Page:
The longest year is coming to a close, and it’s time for giving thanks in the midst of our sorrows and losses, both large and small. We trust you will celebrate the official Thanksgiving holiday safely with your household and reach out to others via phone and video. Not quite what we are used to – but what better way to “thank” our neighbors and community than staying safely home.
There are two thanks-giving traditions that will continue. A new tradition, is Giving Tuesday which occurs the Tuesday after Thanksgiving (December 1st). It’s a day to make gifts to nonprofits you know and love – and to venture out with a gift to an organization you may not have supported before. Giving Tuesday began in 2012 and has become a global movement. In 2019 an impressive $511 million was raised online, and a total of $1.9 billion was raised in total when checks and other gifts were included. Your $10 or $100 or $1,000 gift makes a difference.
Saying “Thank You” to those who support your nonprofit is a longstanding tradition. These last weeks of the year are a pivotal time for fundraising as many nonprofits receive a majority of donations at yearend. Saying thank you ends this year, and it begins cultivation and solicitation for the coming year. It is also a way to stay close with those who gave last year but may not be able to give this year. Here are two tips to help with the nonprofit thank you process: these can help sustain your giving cycle beyond this year.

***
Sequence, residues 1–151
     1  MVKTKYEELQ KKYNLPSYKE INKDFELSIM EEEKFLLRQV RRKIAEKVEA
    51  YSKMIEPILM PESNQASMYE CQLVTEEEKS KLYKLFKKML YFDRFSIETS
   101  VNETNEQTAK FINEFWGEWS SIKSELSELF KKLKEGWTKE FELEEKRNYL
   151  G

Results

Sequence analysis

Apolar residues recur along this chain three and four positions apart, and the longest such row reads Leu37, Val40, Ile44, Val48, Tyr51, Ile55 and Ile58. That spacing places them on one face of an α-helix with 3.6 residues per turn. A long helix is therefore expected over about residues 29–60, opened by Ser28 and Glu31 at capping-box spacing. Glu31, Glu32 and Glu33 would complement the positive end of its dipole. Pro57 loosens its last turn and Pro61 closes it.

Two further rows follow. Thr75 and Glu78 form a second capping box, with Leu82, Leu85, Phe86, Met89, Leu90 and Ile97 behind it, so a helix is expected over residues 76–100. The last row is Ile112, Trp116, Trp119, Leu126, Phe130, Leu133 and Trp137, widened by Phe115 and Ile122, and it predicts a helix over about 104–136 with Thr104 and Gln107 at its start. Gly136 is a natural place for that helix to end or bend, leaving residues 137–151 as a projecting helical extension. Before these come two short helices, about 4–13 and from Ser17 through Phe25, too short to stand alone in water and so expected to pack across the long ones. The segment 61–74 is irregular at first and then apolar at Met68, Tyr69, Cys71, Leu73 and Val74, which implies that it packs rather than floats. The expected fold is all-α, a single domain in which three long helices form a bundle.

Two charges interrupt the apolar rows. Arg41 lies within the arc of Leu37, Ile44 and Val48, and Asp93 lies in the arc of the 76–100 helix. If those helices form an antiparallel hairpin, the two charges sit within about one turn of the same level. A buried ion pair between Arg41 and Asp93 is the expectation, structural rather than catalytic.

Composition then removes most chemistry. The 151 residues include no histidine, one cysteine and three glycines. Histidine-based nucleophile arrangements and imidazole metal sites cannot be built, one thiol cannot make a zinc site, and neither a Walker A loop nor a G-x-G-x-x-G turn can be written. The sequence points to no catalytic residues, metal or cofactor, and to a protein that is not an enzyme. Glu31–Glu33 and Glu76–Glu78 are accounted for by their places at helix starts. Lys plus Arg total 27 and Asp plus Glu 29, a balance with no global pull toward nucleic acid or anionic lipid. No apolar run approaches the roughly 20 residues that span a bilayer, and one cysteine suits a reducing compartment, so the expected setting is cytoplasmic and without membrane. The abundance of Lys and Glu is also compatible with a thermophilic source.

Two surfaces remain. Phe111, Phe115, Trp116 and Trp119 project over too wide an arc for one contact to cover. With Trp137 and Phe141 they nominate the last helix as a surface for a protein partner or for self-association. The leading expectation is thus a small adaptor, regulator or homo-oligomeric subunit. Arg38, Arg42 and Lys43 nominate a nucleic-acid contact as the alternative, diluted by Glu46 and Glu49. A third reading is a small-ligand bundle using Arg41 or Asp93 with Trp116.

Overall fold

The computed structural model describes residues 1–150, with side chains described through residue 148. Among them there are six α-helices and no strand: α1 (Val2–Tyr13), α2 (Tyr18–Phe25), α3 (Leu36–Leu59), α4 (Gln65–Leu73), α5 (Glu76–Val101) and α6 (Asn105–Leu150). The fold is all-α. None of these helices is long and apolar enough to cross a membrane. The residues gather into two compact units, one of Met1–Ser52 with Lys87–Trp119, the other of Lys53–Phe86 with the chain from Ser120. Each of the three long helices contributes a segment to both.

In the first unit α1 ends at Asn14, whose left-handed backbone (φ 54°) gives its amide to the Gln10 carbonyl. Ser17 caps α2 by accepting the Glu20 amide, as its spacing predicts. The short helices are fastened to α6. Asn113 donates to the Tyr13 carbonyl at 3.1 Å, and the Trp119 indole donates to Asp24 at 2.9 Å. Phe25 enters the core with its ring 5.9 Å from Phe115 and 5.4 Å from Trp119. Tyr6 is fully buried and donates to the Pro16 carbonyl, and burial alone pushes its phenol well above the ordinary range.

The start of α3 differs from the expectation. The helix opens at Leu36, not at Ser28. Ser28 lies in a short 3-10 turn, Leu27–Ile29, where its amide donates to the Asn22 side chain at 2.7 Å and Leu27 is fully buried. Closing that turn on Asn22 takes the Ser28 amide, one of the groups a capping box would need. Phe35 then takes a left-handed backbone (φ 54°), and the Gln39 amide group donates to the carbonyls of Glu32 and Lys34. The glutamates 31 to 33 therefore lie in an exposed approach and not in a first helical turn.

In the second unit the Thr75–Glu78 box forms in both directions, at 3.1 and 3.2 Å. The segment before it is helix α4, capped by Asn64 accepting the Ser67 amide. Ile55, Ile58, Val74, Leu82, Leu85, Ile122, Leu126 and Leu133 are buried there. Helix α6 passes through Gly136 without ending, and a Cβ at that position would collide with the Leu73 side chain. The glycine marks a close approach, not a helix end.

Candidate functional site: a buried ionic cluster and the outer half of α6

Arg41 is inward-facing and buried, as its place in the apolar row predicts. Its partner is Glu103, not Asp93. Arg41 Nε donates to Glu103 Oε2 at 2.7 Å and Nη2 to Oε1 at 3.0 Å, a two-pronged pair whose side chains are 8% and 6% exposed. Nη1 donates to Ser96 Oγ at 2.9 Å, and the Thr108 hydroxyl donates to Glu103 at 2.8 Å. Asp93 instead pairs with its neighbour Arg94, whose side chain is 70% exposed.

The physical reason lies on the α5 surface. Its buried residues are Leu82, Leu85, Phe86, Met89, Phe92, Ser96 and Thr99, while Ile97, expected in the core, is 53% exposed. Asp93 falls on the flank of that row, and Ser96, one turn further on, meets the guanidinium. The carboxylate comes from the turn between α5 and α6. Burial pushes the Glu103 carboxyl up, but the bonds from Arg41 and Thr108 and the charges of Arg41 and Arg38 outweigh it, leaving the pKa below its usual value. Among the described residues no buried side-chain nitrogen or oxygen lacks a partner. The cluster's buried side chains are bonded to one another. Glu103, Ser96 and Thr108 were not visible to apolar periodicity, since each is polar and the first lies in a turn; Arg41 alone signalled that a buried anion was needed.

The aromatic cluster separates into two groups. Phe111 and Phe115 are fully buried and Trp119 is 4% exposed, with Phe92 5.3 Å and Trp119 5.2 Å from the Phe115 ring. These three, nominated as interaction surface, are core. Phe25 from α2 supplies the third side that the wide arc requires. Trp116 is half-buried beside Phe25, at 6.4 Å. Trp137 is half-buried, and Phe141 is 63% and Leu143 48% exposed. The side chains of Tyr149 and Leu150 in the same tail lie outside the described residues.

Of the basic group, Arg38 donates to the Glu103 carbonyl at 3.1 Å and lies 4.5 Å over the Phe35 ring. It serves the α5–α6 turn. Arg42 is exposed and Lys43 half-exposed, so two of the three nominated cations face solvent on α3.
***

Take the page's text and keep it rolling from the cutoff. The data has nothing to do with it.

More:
Technology. Make sure you have an effective and functional donor management system. While small nonprofits may rely on spreadsheets for information about their donors, there are programs available that can automate your giving and thanking. That doesn’t mean you don’t have a personal touch, it just means you can use technology to learn who are your new donors, repeat donors, and who is making an unusually large gift. You can then quickly make thank you calls or – as appropriate – send a special thank you note or email.
Culture and Communication. Take time to create a culture of gratitude. Of course you want to thank your donors, but what about saying “thank you” when volunteers complete a task? Or when staff leave at days end? Are you “stingy” with your gratitude or are you comfortable freely giving thanks for those things (or gifts!) that you “expect?” The same with your communication: Do you say “we sent out a newsletter last quarter, why do we have to do it again?” or, perhaps, “people can’t expect us to report on everything!” There’s no harm in telling your story and telling it often. Make it part of your culture.
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Copyright 2020 – Mel and Pearl Shaw of Saad&Shaw – Comprehensive Fund Development Services. Let us help you find your way through this unknown time. Video and phone conferencing services always available. Call us at (901) 522-8727. www.saadandshaw.com.